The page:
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XF 1.1 Speeding up XF?

#1
So yeah, I've noticed my site has been running a little slower then usual and after asking my host for some advice they asked me the questions below. I have no idea, so I'm asking here. :)

Questions:
1) Force XF to use static files for CSS instead css.php
2) Combine javascript
3) Remove versioning from static files like this: /community/css.phpcss=editor_ui,moderator_bar,panel_scroller&style=6&dir=LTR&d=1358535224

Any info is appreciated, thanks in advance!
 

Jake Bunce

XenForo moderator
Staff member
#2

tenants

Well-known member
#3
It sounds like they have just run Google PageSpeed test against your site.

If you run google PageSpeed (dowload here), for each of the options they give you some advice.

A few more performance tools are mentioned here
https://developers.google.com/speed/tools


Some of the most common / favorites:
The easiest option you can do that they have mentioned is removing the versioning (I don't agree that files should be versioned for security, but if they are not, when you upgrade, unless the browser cache is cleared, user may still be using an old version of the static file). But that will require changes to the core files (not recomeded if you are planing to upgrade)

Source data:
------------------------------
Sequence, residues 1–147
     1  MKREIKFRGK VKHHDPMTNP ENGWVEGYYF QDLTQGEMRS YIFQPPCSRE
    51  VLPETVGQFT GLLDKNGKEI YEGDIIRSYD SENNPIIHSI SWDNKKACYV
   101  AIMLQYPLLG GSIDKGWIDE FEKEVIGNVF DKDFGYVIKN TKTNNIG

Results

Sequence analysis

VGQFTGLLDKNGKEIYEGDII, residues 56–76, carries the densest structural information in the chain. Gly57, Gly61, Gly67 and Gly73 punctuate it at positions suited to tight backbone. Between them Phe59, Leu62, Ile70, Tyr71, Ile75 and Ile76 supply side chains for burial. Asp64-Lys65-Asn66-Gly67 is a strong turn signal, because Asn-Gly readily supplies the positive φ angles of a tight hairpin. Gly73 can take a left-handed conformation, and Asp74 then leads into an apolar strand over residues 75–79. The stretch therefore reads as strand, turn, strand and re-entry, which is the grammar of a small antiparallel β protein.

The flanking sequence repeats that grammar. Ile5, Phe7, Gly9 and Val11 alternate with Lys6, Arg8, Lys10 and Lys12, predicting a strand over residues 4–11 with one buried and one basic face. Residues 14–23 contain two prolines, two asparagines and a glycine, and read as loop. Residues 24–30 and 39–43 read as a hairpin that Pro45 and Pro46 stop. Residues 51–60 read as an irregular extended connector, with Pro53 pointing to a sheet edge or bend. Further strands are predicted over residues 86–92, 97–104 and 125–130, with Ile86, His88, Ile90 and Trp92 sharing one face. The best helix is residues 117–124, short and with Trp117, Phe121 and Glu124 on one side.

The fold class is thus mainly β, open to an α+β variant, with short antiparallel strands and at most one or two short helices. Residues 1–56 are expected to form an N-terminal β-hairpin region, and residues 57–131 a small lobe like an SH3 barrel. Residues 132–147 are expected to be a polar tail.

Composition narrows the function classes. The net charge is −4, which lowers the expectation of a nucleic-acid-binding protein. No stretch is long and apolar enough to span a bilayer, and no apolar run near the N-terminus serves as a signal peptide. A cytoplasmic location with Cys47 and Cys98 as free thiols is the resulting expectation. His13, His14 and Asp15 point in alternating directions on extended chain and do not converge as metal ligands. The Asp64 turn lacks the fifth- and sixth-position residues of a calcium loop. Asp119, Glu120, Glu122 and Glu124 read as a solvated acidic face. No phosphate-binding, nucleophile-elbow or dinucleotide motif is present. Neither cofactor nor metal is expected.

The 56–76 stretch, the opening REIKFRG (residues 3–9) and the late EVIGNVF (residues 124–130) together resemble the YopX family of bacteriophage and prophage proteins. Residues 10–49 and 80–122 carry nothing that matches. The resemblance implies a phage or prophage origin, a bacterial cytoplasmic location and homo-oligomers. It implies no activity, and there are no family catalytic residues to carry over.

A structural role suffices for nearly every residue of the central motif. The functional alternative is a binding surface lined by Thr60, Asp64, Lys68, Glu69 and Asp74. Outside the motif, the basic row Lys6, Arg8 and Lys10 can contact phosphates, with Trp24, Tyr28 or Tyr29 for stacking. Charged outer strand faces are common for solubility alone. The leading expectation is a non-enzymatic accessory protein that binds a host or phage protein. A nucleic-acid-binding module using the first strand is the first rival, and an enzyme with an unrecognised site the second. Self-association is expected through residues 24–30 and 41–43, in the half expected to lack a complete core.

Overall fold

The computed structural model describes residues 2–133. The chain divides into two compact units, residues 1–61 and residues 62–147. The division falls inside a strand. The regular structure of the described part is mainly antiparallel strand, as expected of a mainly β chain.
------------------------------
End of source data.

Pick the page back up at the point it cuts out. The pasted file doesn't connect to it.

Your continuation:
I mentioned combing JavaScript and CSS would be an issue before I first joined (I'm an insane performance fanatic)
XenForo Dev (Mike) gave some pretty good answers, see here:

http://xenforo.com/community/thread...y-request-what-can-be-done.18381/#post-238753
Regarding CSS, you'll only ever see 2 requests per page. The first is always the same, everywhere. This is requested once and never again (unless it changes). The second loads page specific CSS and it too is cached, but the URL will often differ. If you wanted to reduce this to 1 request, I imagine you could, but it's just going to hurt cache locality. Every time there's a different included bit of CSS, you'll be forcing the user to redownload the entirety of the base CSS. So it's an extra request on the first view leading to larger savings on subsequent views.

You'd have to hack things up to fold the JS together, at the expense of cache locality. In an average production case, you can far-future-expire the whold JS.
(And they now make better use of sprites)